• Political thrillers, in which the hero must ensure the stability of the government that employs him. The success of Seven Days in May (1962) by Fletcher Knebel and The Day of the Jackal (1971) by Frederick Forsyth established this subgenre.
  • Military Thrillers, in which the hero is typically a uniformed military officer operating behind enemy lines alone or as part of a small team of specialists. The Guns of Navarone by Alistair MacLean is a well-known example of the type, as are films such as Solo Voyage, The Dirty Dozen and Rambo.
  • Conspiracy thrillers, in which the hero confronts a large, powerful group of enemies whose true extent only he recognizes. The work of Robert Ludlum, for example The Chancellor Manuscript and The Aquitane Progression, falls into this category, as do films such as Three Days of the Condor and JFK.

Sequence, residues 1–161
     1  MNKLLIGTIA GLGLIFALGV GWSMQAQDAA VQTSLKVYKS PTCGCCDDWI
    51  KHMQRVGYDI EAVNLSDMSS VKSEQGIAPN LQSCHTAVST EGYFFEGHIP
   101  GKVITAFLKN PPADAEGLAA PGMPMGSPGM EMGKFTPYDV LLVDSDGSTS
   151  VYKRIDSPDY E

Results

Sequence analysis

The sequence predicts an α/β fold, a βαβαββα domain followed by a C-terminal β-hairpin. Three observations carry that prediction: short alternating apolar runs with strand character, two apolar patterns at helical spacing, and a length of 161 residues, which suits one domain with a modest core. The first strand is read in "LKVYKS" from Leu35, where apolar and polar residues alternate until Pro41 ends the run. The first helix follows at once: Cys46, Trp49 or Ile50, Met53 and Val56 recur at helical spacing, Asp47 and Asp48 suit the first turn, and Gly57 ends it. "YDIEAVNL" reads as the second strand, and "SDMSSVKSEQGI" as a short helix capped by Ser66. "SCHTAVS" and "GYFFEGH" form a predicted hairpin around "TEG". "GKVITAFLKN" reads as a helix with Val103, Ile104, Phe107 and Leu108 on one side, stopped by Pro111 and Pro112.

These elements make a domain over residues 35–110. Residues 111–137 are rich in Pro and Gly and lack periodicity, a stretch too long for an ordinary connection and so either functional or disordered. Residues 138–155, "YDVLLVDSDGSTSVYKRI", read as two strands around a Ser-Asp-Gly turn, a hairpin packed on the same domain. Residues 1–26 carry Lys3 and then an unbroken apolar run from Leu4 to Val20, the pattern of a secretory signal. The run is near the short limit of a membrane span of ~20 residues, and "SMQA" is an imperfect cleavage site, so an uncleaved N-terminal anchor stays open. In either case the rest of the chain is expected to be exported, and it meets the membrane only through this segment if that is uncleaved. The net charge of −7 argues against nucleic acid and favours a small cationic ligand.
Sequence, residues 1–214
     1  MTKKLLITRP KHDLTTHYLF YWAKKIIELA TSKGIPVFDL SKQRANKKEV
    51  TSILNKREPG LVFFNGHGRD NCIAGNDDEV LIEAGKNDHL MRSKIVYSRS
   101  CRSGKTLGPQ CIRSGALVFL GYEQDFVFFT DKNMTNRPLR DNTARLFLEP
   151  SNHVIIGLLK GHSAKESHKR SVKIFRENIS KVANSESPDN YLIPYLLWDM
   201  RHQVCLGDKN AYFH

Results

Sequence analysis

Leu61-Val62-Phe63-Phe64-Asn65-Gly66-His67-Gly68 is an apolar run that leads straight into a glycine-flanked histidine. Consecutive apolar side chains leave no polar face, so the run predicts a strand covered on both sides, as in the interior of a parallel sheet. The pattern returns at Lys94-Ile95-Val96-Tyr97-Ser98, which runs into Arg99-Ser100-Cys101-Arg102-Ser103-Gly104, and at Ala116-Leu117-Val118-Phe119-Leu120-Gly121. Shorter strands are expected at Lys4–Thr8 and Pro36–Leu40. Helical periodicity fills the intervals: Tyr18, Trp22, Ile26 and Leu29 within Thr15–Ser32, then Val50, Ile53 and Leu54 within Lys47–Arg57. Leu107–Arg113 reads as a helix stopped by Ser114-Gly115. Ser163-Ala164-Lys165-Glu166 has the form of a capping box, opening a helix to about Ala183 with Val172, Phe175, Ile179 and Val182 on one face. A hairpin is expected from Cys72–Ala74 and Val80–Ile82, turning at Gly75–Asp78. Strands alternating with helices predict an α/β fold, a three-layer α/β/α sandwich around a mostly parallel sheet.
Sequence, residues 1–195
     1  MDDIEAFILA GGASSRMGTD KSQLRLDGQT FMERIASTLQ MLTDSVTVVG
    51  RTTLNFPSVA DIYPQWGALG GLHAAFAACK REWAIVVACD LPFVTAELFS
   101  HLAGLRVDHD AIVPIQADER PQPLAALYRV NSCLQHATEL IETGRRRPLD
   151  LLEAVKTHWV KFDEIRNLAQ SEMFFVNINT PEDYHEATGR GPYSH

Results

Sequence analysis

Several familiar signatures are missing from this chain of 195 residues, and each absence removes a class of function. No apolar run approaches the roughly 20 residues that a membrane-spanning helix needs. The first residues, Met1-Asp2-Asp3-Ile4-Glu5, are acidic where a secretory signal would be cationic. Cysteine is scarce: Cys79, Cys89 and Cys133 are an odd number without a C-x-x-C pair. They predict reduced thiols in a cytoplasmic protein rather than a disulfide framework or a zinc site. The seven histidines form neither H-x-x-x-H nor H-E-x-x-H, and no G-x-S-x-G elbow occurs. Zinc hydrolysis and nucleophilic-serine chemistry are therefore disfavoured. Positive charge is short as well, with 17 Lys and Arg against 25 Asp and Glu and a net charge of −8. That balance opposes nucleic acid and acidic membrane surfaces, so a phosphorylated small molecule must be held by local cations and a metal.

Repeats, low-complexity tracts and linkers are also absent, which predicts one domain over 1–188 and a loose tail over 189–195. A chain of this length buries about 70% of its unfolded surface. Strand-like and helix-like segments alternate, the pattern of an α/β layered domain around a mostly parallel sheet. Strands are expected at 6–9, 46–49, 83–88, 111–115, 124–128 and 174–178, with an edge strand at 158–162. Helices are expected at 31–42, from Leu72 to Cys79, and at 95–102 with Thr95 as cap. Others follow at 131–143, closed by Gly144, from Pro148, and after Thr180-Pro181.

• Technothrillers, in which technology is prominently described and made essential to the reader's understanding of the plot. Michael Crichton and Tom Clancy are both considered to be the "Fathers of the Technothriller."
  • Eco-thrillers, an emerging sub-genre[citation needed] in which the protagonist must avert or rectify an environmental or biological calamity - often in addition to dealing with the usual types of enemies or obstacles present in other thriller genres. This environmental component often forms a central message or theme of the story. Examples include Nicholas Evans' The Loop, C. George Muller's Echoes in the Blue, and Wilbur Smith's Elephant Song, all of which highlight real-life environmental issues.